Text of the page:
Thursday, October 30, 2014

Without Stars/There We Have Been

Dark, beautiful and heartbreaking are just some of the words used to describe Haruki Murakami's novel, Norwegian Wood. Unlike his other works that are dreamlike and seemingly set in an alternate realm, immersed in magical realism, this particular novel has more widespread appeal because of its straight narrative.

A wistful tale of love and loss, of lost youth and maybe new beginnings, how could one resist?

All things considered, it's an accessible piece of literature, and the one most likely to be adapted to another medium. It's been made into a beautiful mess of a film by auteur Tran Anh Hung in 2010 and now it gets another incarnation through a twin bill production by independent British choreographer James Cousins.

Taking inspiration from the intense but tumultuous relationship of the characters in Norwegian Wood, the dance piece Without Stars tells the story of a man torn between two lovers---different as night and day. 

Complemented by the ingenious use of light and sound, the dancers bend, fold and get enveloped in each other's arms just as easily as they break free and get untangled. There's a push and pull dynamic that's apparent in the movements displayed and it's visually effective in capturing the inner struggle between the trio. Furthermore, it is able to convey that unshakable feeling of desperation and helplessness between its characters that can't be alleviated by companionship or love no matter how hard they try to hold on to each other. It doesn't really matter if you've read the book, it's three people caught in a love triangle, it's the simple. 

The follow up piece, There We Have Been  is a bit trickier though. It may be subject to numerous interpretation but contrary to the press release, it fits in nicely as a tailpiece, providing a conclusion to the rendering of the story. Of the two, it's a gimmicky showpiece but it's also felicitous in a way that elevates the art form and the way it can be perceived.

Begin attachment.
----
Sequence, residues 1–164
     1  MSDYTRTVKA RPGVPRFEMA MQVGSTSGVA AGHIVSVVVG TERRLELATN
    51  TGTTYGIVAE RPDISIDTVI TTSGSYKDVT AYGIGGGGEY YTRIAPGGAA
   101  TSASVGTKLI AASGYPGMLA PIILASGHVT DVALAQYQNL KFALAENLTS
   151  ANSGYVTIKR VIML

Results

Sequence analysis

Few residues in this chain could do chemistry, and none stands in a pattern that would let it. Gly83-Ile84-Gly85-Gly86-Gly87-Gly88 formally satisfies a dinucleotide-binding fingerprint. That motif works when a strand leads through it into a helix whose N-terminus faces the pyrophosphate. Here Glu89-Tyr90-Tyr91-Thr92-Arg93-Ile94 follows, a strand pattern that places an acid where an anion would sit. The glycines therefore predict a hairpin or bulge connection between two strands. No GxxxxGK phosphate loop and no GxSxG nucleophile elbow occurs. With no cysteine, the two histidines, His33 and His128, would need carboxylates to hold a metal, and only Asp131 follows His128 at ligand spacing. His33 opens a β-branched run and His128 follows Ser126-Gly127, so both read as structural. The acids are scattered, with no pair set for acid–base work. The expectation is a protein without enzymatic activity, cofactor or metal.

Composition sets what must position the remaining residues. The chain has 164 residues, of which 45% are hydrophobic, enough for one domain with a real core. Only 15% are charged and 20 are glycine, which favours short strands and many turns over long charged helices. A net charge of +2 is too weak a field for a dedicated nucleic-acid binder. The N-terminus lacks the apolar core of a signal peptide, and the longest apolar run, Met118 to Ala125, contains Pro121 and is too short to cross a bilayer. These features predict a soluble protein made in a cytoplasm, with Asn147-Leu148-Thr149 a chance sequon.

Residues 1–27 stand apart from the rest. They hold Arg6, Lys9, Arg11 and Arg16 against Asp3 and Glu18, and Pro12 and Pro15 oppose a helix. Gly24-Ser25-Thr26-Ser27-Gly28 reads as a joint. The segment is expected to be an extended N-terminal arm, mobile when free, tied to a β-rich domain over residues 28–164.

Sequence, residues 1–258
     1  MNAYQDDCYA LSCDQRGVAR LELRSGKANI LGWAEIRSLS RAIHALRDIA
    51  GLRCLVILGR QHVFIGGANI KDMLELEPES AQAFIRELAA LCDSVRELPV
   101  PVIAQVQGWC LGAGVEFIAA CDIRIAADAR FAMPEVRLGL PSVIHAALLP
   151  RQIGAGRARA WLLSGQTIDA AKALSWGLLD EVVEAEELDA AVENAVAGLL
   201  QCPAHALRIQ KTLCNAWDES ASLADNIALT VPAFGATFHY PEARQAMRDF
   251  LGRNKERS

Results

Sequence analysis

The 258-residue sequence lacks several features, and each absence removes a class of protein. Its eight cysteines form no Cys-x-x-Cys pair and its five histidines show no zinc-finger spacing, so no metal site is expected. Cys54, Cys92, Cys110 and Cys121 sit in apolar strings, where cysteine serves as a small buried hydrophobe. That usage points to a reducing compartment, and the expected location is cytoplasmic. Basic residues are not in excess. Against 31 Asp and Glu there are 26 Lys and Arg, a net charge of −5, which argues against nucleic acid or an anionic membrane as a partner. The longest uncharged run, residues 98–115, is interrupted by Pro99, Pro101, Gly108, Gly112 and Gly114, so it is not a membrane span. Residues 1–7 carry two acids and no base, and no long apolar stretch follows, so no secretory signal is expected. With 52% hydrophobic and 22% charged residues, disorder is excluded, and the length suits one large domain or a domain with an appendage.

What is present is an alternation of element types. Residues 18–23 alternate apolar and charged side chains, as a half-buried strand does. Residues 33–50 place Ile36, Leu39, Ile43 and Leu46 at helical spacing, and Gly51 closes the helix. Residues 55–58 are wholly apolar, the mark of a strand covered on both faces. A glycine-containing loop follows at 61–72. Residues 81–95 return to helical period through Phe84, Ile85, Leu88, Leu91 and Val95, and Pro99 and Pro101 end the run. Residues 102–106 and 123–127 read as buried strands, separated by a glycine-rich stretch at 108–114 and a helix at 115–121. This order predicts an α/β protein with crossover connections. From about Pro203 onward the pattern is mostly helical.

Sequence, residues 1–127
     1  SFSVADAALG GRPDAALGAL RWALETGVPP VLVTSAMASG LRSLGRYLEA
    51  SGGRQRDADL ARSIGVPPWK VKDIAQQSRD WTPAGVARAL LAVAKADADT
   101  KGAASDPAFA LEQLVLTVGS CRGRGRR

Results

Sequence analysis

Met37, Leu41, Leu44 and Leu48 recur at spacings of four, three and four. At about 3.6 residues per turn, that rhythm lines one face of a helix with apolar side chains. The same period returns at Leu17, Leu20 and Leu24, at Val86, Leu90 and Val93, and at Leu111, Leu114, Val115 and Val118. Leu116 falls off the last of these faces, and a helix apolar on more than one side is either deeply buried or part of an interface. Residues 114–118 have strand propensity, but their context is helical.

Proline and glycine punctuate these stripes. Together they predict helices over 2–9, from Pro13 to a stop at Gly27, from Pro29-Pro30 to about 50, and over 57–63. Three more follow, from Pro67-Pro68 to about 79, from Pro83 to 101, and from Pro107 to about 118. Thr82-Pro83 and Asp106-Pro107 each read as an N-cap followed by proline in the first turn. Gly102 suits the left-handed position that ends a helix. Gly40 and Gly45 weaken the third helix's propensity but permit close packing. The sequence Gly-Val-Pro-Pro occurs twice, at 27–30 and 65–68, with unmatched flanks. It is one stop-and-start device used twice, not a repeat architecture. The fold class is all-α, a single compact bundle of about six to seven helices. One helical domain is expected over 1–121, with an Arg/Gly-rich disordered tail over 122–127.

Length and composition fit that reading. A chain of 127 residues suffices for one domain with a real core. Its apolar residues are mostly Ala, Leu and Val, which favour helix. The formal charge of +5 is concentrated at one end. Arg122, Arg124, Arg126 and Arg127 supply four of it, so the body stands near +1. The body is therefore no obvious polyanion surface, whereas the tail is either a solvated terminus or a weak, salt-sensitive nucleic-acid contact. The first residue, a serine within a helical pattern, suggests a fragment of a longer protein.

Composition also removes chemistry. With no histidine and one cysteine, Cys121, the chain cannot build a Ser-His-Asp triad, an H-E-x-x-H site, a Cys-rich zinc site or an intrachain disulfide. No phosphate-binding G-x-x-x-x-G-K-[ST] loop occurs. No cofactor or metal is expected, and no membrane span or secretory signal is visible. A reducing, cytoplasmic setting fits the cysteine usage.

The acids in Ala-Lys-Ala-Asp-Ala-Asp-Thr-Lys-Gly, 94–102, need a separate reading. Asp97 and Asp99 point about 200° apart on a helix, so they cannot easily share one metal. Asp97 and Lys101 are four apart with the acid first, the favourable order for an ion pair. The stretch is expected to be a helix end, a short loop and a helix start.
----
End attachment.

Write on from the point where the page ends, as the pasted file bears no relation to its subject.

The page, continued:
In an amazing display of grace, strength and endurance, the relationship between Toru and Naoko is portrayed through a dance duet wherein the female dancer is held up by the male dancer in a variety of positions and poses, the former never once touching the floor. Some reviewers find it symbolic of the female's delicate disposition; of her dependence on her partner to keep her grounded while she is drawn away by an unseen force. It basically tracks the development of Naoko and Toru's relationship following Kizuki's untimely death and Naoko's subsequent battle with depression. 

This particular viewer, in the alternative, would like to think of this final piece as a representation of Toru's devotion to a girl long lost. A girl, who has spent her last few days on earth, desperately courting death, despite all the love willingly offered to her. 

There We Have Been not only captures the nature of their relationship but also its lasting impact on Toru as a person. In this segment, she hovers around and above him like a spectre. The memory of her weighs on him, recounting the times that he's tried to hold onto her even when her whole being appears to yearn for something else...or rather, someone else. And he carries this memory and his love for her like a burden, at least until he decides to let go and move on. This is, after all, Toru's story. And as much as Norwegian Wood may be considered a tragic tale of love, it's also about growing up and choosing to live on. 

 Photo by David Foulkes available at


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